For many years, researchers and public health specialists have been assessing the human health impact of prenatal exposure to the estrogenic anti-miscarriage drug, diethylstilbestrol (commonly known as DES or “stilbestrol”). The scope of adverse effects in females exposed to DES (often called “DES daughters“) has been more substantially documented than the effects in males (“DES sons“). This paper contributes three areas of important research on DES exposure in males:
- an overview of published literature discussing the confirmed and suspected adverse effects of prenatal exposure in DES sons;
- preliminary results from a 5-year online study of DES sons involving 500 individuals with confirmed (60% of sample) and suspected prenatal DES exposure;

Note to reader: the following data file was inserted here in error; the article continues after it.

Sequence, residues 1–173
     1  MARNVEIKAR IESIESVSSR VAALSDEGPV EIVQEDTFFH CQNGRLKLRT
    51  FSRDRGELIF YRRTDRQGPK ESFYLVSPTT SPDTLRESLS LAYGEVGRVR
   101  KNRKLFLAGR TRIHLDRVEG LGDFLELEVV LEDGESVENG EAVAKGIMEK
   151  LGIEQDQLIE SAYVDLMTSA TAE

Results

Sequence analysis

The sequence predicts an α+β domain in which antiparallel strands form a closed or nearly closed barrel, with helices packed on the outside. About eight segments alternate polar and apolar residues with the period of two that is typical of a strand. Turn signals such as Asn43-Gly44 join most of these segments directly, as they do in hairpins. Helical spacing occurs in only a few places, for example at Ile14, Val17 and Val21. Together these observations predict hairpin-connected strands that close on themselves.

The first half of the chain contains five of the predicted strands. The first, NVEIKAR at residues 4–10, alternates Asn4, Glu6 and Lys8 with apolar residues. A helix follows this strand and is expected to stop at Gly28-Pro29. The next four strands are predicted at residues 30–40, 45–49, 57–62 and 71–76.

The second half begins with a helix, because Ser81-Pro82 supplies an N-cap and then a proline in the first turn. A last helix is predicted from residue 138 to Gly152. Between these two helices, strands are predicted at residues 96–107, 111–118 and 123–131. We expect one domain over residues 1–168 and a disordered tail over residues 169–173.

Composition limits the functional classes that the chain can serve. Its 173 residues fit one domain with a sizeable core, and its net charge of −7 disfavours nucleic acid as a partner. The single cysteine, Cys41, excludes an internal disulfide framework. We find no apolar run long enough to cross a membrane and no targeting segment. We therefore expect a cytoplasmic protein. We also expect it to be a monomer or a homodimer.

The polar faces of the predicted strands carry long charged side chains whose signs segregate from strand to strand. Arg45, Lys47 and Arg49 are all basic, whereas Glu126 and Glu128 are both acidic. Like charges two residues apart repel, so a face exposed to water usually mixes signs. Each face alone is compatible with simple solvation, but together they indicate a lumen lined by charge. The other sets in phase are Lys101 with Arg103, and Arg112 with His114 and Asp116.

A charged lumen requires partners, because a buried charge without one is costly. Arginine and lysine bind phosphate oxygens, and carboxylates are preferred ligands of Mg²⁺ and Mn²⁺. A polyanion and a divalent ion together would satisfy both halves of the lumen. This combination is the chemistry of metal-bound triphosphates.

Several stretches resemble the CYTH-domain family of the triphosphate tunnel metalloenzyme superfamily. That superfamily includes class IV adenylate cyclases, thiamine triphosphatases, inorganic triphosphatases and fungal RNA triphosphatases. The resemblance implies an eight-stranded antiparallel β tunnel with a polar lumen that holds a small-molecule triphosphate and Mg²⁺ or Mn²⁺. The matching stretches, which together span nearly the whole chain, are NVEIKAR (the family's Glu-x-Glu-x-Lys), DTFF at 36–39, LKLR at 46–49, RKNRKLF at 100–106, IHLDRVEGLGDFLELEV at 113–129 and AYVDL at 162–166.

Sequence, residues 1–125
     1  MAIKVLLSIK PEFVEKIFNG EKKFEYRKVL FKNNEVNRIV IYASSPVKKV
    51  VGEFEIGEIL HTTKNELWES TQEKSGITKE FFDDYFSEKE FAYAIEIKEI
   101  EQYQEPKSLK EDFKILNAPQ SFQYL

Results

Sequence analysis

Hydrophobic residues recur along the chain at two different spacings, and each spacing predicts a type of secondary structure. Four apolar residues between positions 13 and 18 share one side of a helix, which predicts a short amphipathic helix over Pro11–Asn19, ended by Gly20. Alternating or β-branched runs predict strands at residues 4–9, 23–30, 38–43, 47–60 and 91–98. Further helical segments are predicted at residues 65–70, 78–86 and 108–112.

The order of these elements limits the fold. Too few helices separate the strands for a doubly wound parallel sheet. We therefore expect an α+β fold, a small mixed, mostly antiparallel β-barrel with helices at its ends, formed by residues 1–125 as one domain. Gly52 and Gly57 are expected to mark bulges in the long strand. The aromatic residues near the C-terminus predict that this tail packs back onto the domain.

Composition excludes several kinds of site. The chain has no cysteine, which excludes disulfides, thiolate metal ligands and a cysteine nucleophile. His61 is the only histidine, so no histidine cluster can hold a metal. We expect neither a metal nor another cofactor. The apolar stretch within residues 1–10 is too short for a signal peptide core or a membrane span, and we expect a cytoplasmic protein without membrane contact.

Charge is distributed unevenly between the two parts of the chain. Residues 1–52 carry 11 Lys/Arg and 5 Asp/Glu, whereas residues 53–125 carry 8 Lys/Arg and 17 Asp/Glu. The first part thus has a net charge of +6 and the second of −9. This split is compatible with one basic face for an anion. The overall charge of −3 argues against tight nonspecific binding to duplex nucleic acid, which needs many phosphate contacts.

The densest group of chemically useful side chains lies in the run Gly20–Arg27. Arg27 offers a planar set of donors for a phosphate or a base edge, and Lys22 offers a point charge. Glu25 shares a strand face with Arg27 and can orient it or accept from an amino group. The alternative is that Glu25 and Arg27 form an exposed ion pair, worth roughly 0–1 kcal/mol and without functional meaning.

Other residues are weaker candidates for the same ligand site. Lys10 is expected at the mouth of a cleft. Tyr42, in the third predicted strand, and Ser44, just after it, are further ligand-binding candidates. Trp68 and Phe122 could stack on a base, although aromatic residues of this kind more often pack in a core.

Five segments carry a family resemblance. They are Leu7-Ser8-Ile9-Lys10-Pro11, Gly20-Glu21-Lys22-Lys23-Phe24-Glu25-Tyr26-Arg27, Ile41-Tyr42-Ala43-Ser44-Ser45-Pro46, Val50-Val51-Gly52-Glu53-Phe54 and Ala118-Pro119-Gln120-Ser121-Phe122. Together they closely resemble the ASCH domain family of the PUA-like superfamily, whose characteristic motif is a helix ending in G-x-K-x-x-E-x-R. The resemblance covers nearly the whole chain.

- documentation of the presence of gender identity disorders and male-to-female transsexualism reported by more than 100 participants in the study.
Read the Full Paper prepared for the International Behavioral Development Symposium 2005, PRENATAL EXPOSURE TO DIETHYLSTILBESTROL (DES) IN MALES AND GENDER-RELATED DISORDERS: RESULTS FROM A 5-YEAR STUDY, by Scott P. Kerlin, Ph.D., DES Sons International Network, Aug 2005.
More DES DiEthylStilbestrol Resources
- DES studies on cancers and screening.
- DES studies on epigenetics and transgenerational effects.
- DES studies on fertility and pregnancy.
- DES studies on gender identity and psychological health.
- DES studies on in-utero exposure to DES and side-effects.
- DES studies on the genital tract.
- Papers on DES lawsuits.
- DES videos and posts tagged DES, the DES-exposed, DES victims.
2 thoughts on “Prenatal DiEthylStilbestrol Exposure in Males and Gender-related Disorders”
Thanks for the read Dom!
you are welcome